There is a window of opportunity for children who are learning to read (Gillon, 2000). If a teacher does not get to the children during that time, and the children do not learn how to read properly, it can be almost impossible to work hard enough at a later date to reach a level that could have been otherwise reached (Immordino-Yang, 2009). In other words, if a child does not learn to read early, learning to read well at all will be in question. Children can and do learn to read at a later age. Even adults who are illiterate can learn to read. Unfortunately, a child who needs to get through his or her schooling and be successful at obtaining an education can have a much more difficult time with that education in general if he or she has not learned how to read properly at a very young age - the "right" age for a child to learn reading comprehension (Moustafa & Maldonado-Colon, 1999).
Children who display an interest in reading or pre-reading should be tested and encouraged (Moustafa & Maldonado-Colon, 1999). By determining if these children are ready to start reading, a teacher can offer them what they need to learn at a pace that will help them comprehend as much as possible in the window of time that makes the most sense for them. If they are ready to read they should be allowed to begin, because children are generally good at gauging when they are ready to do something. Testing children early for reading ability and comprehension can also pinpoint students that do not read well or are struggling for some reason (Walton, 2003).
By identifying these students, they can get the help that they need as early as possible. Children who slip through the cracks and are not helped at an early age will be the ones who continue to fall behind as they get older, since their reading skills will not be up to par with the reading skills of the other children in their classroom or age group (Walton, 2003). Even pre-reading skills are important. They are a relatively good indicator of how much interest a child has in learning to read. Pre-reading will also show if a child has the basic understanding of the necessary concepts so that he or she can begin to read and comprehend (Griffith & Olson, 1992; Walton, 2003).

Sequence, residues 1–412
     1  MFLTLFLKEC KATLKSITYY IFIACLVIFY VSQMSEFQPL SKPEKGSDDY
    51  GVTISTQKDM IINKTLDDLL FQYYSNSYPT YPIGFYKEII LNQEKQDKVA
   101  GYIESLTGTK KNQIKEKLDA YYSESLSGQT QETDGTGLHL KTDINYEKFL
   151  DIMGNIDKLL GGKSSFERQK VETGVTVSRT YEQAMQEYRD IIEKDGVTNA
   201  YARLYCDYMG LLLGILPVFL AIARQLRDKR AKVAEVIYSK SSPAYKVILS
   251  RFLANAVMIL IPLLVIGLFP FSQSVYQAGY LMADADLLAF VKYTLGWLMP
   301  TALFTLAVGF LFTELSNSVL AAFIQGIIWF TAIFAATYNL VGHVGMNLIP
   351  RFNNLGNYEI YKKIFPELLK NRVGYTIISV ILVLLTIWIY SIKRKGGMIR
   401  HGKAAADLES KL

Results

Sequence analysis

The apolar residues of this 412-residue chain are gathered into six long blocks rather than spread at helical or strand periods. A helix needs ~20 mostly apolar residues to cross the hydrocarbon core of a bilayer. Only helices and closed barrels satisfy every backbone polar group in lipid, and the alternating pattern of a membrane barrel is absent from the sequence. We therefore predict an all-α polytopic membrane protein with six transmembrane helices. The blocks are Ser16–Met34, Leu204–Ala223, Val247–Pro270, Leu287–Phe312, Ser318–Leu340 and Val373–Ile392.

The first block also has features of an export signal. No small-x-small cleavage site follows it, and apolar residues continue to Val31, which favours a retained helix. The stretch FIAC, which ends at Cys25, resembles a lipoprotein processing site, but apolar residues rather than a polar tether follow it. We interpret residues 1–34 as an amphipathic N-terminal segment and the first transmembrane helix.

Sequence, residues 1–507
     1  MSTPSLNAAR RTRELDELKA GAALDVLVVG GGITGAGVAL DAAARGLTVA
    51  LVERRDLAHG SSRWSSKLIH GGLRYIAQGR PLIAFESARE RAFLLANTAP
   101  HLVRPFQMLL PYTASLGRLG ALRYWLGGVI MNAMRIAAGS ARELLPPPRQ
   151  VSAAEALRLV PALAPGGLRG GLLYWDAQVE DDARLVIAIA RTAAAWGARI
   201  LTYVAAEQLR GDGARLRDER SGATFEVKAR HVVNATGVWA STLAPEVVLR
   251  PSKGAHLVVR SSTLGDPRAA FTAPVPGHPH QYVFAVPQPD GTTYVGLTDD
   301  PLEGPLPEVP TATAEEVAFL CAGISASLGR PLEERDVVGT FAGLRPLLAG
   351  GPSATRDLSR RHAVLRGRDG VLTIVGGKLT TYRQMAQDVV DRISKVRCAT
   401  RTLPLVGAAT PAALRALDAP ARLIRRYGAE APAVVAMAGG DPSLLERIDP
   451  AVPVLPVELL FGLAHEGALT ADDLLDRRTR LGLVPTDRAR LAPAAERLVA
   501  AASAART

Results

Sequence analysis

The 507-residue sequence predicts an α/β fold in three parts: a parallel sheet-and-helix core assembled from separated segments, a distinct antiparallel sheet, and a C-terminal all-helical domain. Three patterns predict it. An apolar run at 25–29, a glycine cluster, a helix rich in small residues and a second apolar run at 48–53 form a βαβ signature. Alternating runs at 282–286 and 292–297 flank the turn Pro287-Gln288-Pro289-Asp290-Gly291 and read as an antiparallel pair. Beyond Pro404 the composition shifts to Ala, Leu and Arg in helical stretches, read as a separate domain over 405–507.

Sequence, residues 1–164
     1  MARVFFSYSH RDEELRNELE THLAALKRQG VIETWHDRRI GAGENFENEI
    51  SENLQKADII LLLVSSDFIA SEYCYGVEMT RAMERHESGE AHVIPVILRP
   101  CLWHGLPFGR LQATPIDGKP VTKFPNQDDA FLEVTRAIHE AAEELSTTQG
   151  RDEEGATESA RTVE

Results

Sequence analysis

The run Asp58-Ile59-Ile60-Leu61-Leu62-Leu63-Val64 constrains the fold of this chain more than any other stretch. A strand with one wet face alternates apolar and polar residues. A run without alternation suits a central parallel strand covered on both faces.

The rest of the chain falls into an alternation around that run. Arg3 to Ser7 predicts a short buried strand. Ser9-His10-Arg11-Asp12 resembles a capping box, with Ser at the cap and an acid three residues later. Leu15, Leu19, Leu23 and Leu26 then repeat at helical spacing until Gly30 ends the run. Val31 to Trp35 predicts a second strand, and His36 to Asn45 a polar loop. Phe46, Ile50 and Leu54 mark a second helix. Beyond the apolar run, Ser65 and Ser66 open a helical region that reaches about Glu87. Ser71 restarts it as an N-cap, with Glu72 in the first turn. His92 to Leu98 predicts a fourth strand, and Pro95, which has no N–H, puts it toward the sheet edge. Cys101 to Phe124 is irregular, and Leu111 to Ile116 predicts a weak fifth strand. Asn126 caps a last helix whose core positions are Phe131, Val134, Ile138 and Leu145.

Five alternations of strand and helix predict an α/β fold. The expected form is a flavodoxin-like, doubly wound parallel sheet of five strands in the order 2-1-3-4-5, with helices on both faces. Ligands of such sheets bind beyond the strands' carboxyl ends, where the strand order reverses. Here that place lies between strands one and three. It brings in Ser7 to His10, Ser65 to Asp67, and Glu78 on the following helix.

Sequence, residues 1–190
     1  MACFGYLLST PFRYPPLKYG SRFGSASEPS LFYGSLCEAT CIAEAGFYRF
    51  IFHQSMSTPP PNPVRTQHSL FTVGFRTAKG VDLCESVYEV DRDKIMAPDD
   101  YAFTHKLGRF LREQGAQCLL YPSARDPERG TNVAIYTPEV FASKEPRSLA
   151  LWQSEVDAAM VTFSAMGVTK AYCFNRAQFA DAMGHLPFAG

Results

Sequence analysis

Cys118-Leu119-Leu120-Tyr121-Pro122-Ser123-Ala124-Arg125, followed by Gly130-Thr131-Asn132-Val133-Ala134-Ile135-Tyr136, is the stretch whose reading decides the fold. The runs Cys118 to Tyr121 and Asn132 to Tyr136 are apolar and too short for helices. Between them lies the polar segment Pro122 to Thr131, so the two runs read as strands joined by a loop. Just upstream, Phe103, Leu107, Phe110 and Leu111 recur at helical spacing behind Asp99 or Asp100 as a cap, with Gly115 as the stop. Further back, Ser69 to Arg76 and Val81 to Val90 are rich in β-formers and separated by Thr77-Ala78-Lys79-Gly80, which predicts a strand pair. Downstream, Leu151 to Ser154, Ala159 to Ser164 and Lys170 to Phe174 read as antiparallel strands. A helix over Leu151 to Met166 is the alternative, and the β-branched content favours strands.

There are several different procedures that are used for testing, and they all go along with both reading and pre-reading skills. Ideas about when these particular tests should be administered and which ones should be used differ greatly between experts, researchers, and teachers n (Solano-Flores & Trumbull, 2003). Some tests include things that other tests leave out, and that fosters concern that some tests are missing something and some tests are focused on areas that do not really need to be considered. For this reason and others, studies are conducted. The goal is to make a determination of which testing method is better and what kinds of learning programs are the best choice for children once they have been tested. Both testing and learning programs are highly valuable for helping teachers and students as they work together on language literacy and reading comprehension (Sodoro, Allinder, & Rankin-Erickson, 2002; Solano-Flores & Trumbull, 2003).
In order to determine how students should be learning and what kinds of programs should be used to teach them literacy, it is first necessary to determine where the children rank in their readiness to learn, their language literacy, and their reading comprehension (Anthony et al., 2002). Educational materials such as SIPPS help students learn phonetics and sight words. They teach students to read, and there are many levels through which a student can progress. Often, programs that are used to help students read are used once students have been tested and it has been determined that help is needed. One of the best tests in use today for reading and language literacy is the Dibels test.
Discussing this test as a basis for how testing for reading works is important, because it provides insight into how students are learning and the criteria on which they are tested. Many studies have been done in the past that have looked at the Dibels testing and how well it succeeds when it comes to the reading level of students. There are 10 specific points on the test, which looks for both reading readiness and reading problems (Tollefson, 2001). In other words, the test not only makes an effort to determine if the child is ready to read, but it is structured in such a way that catching problems early is possible. If problems are caught early, using a program…[continue]